South Australia is teeming with world-class wine regions. “[We] can pretty much walk to a winery and have a tasting there and then,” says 2KW head chef Dan Lawrence. “So we thought: why don’t we do something from somewhere people can’t get to so easily … like Scotland.” In that spirit, the rooftop bar and restaurant is hosting a series of Scottish whisky-paired dinners throughout winter.
2KW manager Simon Adami has noticed a resurgence of the warming amber spirit. “Lots of people are asking about it and wanting to know more,” he says. “It’s craft beer-like in a sense that people are keen to try new and interesting things.”
Each instalment of the three-part dinner series will comprise four courses matched with nips of whisky, served neat. Curated in consultation with Craig Patterson of alcohol company Diageo Australia, it’ll give visibility to “high-end, ultra expensive stuff that’s often out of people’s range,” Adami says.
Two evenings will be distillery-dedicated: one to Talisker, the Isle of Skye’s oldest working distillery, and the other to Lagavulin, an Islay distillery known for its well-rounded malts. Sandwiched in-between is the “Distillers Edition”, which will highlight five contrasting varieties “you won’t find on everyone’s back shelf.” “We’ve got a lot of smoky and full-on peaty whiskys unique to [this series] … It’s not just your basic Johnnie Walker,” says Lawrence.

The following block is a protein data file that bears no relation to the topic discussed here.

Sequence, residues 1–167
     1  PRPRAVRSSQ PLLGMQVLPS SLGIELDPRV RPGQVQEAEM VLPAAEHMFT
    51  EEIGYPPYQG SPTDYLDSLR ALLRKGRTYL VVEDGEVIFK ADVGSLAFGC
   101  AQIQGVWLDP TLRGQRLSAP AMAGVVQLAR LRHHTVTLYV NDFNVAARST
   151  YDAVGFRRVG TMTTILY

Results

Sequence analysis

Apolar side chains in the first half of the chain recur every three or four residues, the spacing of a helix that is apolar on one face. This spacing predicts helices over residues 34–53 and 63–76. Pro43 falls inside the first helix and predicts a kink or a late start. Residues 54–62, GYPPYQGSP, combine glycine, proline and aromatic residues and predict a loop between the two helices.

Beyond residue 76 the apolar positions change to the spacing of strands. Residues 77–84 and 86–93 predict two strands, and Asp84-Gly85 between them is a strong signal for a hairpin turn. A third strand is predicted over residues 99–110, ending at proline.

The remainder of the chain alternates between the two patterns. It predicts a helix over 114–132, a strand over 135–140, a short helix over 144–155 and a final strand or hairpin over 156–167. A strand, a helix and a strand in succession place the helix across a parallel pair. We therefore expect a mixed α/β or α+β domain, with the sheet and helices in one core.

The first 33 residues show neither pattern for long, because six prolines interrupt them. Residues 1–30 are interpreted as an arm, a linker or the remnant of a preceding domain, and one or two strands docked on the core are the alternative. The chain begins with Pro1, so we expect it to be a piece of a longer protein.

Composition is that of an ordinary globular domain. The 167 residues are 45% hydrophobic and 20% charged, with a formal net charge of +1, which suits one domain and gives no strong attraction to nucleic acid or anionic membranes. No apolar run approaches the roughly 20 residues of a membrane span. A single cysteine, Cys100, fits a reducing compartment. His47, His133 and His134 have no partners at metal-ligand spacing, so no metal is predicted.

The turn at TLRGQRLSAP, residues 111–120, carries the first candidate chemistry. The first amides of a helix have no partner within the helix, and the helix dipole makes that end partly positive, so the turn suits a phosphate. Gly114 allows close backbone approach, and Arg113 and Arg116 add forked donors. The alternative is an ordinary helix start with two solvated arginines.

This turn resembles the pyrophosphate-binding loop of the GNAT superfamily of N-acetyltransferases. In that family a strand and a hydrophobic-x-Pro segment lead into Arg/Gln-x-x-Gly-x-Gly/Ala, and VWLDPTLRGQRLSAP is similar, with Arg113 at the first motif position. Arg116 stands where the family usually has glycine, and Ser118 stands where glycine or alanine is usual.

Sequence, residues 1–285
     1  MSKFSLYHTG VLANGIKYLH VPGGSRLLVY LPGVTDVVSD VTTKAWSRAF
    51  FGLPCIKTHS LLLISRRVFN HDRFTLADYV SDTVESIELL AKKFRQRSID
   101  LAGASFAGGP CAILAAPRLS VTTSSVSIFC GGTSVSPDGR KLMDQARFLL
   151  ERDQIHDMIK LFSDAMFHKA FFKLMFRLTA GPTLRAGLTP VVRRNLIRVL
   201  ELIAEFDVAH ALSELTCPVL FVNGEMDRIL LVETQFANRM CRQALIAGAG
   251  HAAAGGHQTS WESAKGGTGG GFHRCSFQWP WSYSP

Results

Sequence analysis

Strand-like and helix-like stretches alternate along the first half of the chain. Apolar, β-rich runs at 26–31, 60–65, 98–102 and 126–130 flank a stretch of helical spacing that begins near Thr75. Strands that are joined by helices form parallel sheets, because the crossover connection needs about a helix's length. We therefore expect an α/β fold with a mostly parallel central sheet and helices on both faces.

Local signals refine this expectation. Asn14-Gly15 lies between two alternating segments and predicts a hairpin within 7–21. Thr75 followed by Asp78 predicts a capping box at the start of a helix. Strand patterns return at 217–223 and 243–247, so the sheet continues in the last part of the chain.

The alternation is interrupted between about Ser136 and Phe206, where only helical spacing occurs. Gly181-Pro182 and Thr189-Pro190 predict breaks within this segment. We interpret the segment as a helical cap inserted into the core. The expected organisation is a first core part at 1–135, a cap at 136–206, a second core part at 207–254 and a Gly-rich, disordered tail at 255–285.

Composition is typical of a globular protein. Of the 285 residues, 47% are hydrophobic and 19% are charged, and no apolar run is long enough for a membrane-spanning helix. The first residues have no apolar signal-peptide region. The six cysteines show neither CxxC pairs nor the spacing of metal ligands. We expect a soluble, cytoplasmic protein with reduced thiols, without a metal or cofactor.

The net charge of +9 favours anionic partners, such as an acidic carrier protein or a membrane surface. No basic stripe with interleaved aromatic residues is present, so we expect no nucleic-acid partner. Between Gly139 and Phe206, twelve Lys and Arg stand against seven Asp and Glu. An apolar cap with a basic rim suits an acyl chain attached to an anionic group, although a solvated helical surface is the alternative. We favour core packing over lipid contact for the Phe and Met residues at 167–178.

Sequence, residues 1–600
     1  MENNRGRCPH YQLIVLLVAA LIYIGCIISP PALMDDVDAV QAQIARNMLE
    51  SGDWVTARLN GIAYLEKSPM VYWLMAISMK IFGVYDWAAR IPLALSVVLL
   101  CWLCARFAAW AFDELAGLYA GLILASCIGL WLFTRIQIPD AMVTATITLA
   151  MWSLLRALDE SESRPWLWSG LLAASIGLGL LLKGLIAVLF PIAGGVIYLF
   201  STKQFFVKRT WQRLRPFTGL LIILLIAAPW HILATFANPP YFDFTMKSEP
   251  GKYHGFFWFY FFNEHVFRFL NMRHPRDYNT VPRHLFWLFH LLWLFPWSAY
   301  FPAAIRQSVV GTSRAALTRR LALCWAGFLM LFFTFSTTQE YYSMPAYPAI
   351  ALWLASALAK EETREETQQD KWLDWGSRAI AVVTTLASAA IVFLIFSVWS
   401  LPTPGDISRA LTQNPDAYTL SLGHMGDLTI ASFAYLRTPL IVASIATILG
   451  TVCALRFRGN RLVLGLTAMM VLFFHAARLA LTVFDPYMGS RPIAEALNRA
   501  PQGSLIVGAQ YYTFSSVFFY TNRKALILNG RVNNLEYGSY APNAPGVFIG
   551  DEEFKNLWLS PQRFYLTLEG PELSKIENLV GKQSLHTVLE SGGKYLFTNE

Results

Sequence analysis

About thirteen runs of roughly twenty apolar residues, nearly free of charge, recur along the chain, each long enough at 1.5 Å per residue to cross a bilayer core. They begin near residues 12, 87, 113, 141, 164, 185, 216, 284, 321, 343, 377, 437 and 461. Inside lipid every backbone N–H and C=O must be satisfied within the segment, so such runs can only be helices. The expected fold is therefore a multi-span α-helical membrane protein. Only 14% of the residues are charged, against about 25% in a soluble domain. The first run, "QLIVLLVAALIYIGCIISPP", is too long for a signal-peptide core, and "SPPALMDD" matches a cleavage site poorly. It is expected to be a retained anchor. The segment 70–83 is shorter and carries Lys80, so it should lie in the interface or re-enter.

Pairing whisky with food isn’t dissimilar to wine pairing. “You start with [the whisky’s] characteristics and match the food to that,” says Lawrence. The four-course menus will incorporate a range of proteins, including kingfish sashimi, Asian-influenced whole baked snapper and roast pork belly. There’s also a Scottish mutton lamb pie that “sticks to whisky’s roots”. “Sweet, smoked barrel-aged whiskies pair well with dessert,” says Lawrence, referencing his chocolate cookie with muscatel (a type of wine made from muscat grapes) and orange ice-cream.